The first exhibition to show a still largely unknown chapter of Magritte’s work in its entirety, it compares Magritte’s works with those of Auguste Renoir, who inspired him.
Convinced that the defeat of the German troops at Stalingrad heralded the final defeat of Nazi Germany and the approaching end of the world conflict, Magritte saw himself as a prophet of happiness and of the return of peace: "…the bright side of life would be the area that I would explore. By this I mean all the traditional array of delightful things: women, birds, flowers, trees and an atmosphere of happiness. […] a quite powerful charm has now replaced the disquieting poetry I used to strive for in my paintings' Magritte wrote to Paul Eluard in 1941.
Magritte would remain faithful to this “solar” style until 1947, and would produce around fifty paintings as well as gouaches and a considerable number of drawings – illustrating Sade, G. Bataille, Éluard and Lautréamont. Far from regarding this as a “passing phase”, Magritte considered his “Renoir Period” important enough to make it the basis of a proposed in-depth reform of Surrealism. To this end, in October 1946, he sent André Breton his manifesto "Surrealism in Full Sunlight ". André Breton’s outright rejection of this programme for the renewal of Surrealism, led Magritte to "liquidate" the “Renoir Period” in a provocative and cynical, garishly exuberant outburst, which, in 1948, took the form of his “Période Vache”.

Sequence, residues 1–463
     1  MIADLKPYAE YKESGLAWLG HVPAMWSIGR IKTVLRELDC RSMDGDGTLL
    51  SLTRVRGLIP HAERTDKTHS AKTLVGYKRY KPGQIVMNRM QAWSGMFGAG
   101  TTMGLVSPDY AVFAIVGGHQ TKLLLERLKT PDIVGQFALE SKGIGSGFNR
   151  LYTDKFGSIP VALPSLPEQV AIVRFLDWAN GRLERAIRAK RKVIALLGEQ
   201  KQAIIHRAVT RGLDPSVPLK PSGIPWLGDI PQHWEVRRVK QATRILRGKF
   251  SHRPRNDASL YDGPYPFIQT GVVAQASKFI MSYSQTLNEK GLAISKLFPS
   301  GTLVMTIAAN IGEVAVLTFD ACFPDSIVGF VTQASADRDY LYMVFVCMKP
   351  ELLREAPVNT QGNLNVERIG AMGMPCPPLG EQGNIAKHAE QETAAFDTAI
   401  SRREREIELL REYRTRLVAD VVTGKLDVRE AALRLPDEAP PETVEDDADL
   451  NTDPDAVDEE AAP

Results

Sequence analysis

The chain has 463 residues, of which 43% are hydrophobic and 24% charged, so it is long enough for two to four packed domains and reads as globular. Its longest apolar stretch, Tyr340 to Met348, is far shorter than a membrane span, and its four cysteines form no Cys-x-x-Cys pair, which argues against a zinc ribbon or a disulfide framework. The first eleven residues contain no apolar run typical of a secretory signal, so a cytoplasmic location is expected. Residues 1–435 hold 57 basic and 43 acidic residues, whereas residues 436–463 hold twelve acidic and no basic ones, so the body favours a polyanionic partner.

The exhibition brings together around sixty paintings and forty drawings. It begins with several works from the end of the 1930s in which Magritte expresses the imminent outbreak of war and disaster. Magritte’s paintings from the “Renoir Period” are set alongside Renoir’s masterpieces, contemporary paintings by Picabia and other works, notably by Jeff Koons, giving an idea of the influence of these little-known works.